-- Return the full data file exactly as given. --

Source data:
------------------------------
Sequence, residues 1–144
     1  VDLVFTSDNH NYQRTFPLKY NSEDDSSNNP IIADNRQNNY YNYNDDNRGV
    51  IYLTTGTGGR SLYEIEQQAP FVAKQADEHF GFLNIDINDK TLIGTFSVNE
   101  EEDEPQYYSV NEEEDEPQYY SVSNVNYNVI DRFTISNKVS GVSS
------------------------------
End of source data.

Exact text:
Sequence, residues 1–144
     1  VDLVFTSDNH NYQRTFPLKY NSEDDSSNNP IIADNRQNNY YNYNDDNRGV
    51  IYLTTGTGGR SLYEIEQQAP FVAKQADEHF GFLNIDINDK TLIGTFSVNE
   101  EEDEPQYYSV NEEEDEPQYY SVSNVNYNVI DRFTISNKVS GVSS